We're living in some deeply weird times, which are presenting some unique challenges, none more
A Fat Man in Plaid Pants…
March has never been my favorite month. The free calendars that the local grain elevator handed out depicted the month in idyllic spring green, but the reality of March on the western prairies was far more bleak, featuring cold, snow, and the general malaise of ‘is this OVER yet?’. Add in sheep who stubbornly insisted upon going into labor at the far reaches of the pasture at midnight, and you have all the ingredients for misery. For years, I have favored Garrison Keillor’s description of March: ‘a fat man in plaid pants that don’t fit.’ You know- because it’s horrible but you can’t look away.
This March started out rather nicely, with weather so mild that I actually snuck in a ‘Gansett Beach day. My husband, wary of all that sunshine and warmth, started declaiming, ‘March, she is a fickle b****!’ to all and sundry. I told him to stop harshing my sunshine buzz.
I should have listened to him.
Because March has turned-honestly-vile. A frightening infection, illness, death, fear, misinformation, and-perhaps worst of all-uncertainty. Will schools be closed? For how long? What about restaurants? Retail? Can you still hold a planned event like a wedding? Will the entire country be forced to ‘shelter in place’? The rules change daily. I would go so far as to say that the only certainty now is uncertainty.
And isolation. Schools and colleges did close. Restaurants and bars were forcibly shuttered. Many other businesses voluntarily shut down. Which left many hanging out at home, trying to work but really spending a lot of time glued to the TV and social media and substantially freaking out.
In the midst of which, a colleague posted on Facebook: ‘March can officially just f*** off now.’ Which is how I discovered that Michael Broadbent had died.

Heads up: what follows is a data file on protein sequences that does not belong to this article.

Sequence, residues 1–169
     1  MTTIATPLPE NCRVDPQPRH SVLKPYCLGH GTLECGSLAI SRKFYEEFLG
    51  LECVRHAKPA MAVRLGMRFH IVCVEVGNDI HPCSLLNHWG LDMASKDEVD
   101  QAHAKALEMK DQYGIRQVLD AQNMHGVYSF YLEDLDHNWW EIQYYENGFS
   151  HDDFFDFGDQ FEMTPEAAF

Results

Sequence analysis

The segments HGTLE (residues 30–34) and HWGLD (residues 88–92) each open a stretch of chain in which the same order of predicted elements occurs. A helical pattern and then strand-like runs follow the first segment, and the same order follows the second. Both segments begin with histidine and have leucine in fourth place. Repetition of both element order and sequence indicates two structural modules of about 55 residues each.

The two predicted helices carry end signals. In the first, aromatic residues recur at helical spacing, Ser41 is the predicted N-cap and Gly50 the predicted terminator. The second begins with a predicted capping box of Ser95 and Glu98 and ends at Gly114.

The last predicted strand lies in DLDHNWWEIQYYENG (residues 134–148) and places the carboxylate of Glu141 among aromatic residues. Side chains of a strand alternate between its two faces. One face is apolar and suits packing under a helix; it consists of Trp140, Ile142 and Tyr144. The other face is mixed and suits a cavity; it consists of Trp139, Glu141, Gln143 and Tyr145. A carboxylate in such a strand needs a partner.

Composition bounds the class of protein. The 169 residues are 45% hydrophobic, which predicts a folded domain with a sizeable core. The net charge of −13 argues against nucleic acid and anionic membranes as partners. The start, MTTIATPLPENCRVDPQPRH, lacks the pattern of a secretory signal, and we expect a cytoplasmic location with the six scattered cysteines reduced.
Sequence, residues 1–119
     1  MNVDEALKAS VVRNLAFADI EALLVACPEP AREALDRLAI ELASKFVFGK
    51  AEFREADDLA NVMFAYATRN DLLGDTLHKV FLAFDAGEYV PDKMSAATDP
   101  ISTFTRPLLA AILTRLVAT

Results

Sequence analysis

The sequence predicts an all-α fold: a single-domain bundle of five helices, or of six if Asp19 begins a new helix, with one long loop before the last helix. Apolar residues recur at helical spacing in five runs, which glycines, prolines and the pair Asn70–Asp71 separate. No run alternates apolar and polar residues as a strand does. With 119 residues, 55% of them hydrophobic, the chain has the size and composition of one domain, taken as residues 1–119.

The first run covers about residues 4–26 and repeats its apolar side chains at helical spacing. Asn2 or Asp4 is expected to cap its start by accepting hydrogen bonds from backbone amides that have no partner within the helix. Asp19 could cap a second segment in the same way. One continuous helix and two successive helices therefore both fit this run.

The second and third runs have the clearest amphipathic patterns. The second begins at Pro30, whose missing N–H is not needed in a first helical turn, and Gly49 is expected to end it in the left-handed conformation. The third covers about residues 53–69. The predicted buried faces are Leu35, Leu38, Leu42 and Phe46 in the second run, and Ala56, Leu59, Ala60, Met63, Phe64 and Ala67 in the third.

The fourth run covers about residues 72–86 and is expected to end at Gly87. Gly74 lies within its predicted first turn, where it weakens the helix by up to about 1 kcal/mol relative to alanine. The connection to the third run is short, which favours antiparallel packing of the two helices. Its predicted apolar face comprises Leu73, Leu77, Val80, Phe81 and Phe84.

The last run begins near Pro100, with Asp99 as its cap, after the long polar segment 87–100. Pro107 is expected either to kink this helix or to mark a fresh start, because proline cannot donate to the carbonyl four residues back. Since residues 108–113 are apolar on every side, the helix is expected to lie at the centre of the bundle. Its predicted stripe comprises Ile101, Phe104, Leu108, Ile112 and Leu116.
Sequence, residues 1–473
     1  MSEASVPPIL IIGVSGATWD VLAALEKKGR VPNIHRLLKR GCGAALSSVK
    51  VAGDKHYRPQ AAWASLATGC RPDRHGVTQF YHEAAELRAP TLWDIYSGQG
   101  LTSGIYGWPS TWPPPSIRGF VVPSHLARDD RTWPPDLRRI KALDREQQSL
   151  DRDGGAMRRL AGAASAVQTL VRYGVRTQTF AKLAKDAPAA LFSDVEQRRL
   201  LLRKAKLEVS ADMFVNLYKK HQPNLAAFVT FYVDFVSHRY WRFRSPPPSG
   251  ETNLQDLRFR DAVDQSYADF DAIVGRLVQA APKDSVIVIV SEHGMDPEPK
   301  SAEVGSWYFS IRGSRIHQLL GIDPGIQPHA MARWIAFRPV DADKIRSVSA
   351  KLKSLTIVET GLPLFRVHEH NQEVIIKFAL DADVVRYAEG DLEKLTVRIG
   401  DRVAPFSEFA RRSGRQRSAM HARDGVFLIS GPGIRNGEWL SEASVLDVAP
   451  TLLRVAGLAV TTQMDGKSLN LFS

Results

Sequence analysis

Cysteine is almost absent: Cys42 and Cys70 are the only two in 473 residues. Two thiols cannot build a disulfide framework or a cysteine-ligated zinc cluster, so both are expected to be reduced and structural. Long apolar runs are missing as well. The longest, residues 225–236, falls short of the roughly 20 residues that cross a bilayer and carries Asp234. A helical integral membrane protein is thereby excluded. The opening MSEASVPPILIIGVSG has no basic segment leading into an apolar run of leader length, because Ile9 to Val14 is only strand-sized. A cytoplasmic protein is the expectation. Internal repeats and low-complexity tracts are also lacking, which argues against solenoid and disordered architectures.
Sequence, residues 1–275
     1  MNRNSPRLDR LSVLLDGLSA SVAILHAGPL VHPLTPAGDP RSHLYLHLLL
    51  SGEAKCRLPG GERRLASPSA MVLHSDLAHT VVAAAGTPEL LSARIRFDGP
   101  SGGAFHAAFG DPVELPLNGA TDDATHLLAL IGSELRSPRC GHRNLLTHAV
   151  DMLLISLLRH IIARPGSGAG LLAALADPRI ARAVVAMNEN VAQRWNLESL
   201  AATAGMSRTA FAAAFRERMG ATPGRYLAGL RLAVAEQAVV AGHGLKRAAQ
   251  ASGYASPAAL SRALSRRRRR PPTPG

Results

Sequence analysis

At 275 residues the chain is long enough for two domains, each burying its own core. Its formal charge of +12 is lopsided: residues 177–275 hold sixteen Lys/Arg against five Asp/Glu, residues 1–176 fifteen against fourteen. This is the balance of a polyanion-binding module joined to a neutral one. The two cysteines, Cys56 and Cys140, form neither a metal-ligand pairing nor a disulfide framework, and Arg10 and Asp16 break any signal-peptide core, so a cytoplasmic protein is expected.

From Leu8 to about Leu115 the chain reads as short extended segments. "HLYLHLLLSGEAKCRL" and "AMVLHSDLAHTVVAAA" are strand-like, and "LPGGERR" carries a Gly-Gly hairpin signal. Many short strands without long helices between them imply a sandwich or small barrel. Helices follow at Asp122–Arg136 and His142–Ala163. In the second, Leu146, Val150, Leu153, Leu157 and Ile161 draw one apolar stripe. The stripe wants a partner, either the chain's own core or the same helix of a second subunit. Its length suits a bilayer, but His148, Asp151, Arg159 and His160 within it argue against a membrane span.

Mr Broadbent, an eminence grise of the British wine trade, was 92, so I should hardly have been surprised. But he was also one of my favorite writers, on wine or any other subject. His passion for his subject, his dry sardonic British wit, his whimsical descriptions of ‘a smashing roast chicken and a half bottle of Pol Roger for lunch with Daphne’-these were my primary reasons for reading his Decanter column for a couple decades. He was also the author of my all time favorite wine tasting note: DNPIM, for ‘do not put in mouth’. Every wine professional has had that wine…you bring the glass to your nose, sniff, nope, not happening. Just before his retirement, Mr Broadbent was asked about continuing to work at his advanced age, replying, ‘Yes…I am beginning to forget what others have yet to learn.’ Sigh.
I’m not sure what else March has in store for us. As of this moment, the store is still open. Will we be open tomorrow? Who knows? Our intention is to be here as long as we can. And if I’m not at the store, I’m probably home with a glass of wine and a dog or two, reading old Decanter columns and hoping for April.